Wednesday, January 27, 2016

Of Heroes, Villains, Nobility, Innovation, and Backwardness


I ran across an interesting few sentences in a chapter about the challenges of archeology in the Middle East by Archeologist Neil Silberman.

Consider this: 
Ottoman history [14th to 20th centuries] .... was filled with ups and downs, heroes and villains, nobility, innovation, and backwardness—in short, a history that is fully as vital as that of the ancient Middle East or the modern West. ....
We live in a vital period. The American empire, with its roots in the 16th century, has been ascendant on the world stage for nearly two centuries now. That vitality, like the vitality of any vital power of the past, is filled with ups and downs, heroes and villains, nobility, innovation, and backwardness. It's something to think about as we watch the Republican primary field this year. The villainy and backwardness we see on display there comes with the territory. The fight for nobility and innovation and progress is never done. True heroes are rare. The fight is never done.

...and this:
What makes the study of Mediterranean and Middle Eastern historical archaeology so intriguing is the possibility that it might offer some concepts and historical formation utterly outside the experience or even analytical categories of the European colonial and, later, capitalist world. For the Ottoman Empire seems to have been based on the maintenance of cultural diversity as the fulcrum of imperial coherence and profit—not in the tendencies toward rigid hierarchization and centralization one sees in the West (Lewis 1995; Brummet 1994). And maybe part of the reason we are today so utterly confused by the surging nationalisms and religious passions of the Middle East, the Caucasus, and the Balkans is because we have been trained as archaeologists—both New World and Old World--to disregard the history, function, and vitality of Middle Eastern religions and cultures as inconsequential or irrelevant to our own experience.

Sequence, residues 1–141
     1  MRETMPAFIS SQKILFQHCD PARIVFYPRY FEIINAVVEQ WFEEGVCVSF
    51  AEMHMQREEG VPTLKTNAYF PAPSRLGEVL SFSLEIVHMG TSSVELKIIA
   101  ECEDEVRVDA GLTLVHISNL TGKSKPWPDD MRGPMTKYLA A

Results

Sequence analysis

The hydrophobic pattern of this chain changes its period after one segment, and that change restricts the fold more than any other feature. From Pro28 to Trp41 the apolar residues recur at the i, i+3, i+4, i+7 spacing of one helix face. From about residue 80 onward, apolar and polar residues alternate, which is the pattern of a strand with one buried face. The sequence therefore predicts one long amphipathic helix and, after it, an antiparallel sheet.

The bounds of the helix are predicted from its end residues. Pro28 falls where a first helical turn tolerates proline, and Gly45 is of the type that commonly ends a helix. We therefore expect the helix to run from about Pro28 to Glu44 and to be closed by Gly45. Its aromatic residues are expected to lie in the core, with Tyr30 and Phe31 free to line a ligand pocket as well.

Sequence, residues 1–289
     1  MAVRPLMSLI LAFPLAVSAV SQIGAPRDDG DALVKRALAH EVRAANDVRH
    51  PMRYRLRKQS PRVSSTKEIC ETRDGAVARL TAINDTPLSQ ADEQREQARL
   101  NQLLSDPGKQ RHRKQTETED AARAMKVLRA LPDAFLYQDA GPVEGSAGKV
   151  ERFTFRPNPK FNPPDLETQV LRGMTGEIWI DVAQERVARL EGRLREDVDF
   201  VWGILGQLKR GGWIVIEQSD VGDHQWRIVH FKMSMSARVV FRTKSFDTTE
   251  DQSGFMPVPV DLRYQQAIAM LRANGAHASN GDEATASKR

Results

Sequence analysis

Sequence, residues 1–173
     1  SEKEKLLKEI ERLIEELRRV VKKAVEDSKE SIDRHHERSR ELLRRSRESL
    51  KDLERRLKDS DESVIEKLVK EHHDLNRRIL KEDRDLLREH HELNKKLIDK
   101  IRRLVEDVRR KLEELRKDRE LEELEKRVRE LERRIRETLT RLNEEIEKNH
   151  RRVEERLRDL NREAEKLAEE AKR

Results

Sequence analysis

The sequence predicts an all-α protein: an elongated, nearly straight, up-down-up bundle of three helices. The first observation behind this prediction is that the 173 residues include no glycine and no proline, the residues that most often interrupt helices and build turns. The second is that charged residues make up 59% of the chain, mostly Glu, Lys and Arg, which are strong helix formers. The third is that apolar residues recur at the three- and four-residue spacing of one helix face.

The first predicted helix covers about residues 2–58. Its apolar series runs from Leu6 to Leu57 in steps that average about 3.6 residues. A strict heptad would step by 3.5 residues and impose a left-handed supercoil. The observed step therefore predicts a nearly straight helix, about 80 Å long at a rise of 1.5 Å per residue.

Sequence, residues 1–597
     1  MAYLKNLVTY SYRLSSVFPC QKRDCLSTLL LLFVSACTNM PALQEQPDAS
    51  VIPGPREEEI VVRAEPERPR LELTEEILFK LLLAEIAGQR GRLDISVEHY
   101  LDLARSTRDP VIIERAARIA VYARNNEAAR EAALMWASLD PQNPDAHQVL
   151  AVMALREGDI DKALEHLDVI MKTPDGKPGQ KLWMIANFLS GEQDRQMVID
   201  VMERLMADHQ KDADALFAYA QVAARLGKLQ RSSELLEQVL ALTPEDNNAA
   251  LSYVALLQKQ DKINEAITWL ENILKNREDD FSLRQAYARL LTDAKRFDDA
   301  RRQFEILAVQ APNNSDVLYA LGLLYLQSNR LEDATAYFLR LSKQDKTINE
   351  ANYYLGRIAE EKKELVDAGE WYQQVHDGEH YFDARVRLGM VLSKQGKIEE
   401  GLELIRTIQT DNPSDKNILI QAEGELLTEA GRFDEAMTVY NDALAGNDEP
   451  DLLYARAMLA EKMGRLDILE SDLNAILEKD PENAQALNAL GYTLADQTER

I look at that and I think--myopic and parochial views of the world, as one sees too often in our political discussions, go hand in hand with backwardness and villainy and down cycles in our national life; and to be mindful and appreciative of cultural diversities, and aware of the history, function, and vitality of other cultures goes hand in hand with nobility and innovation in our problem solving. 

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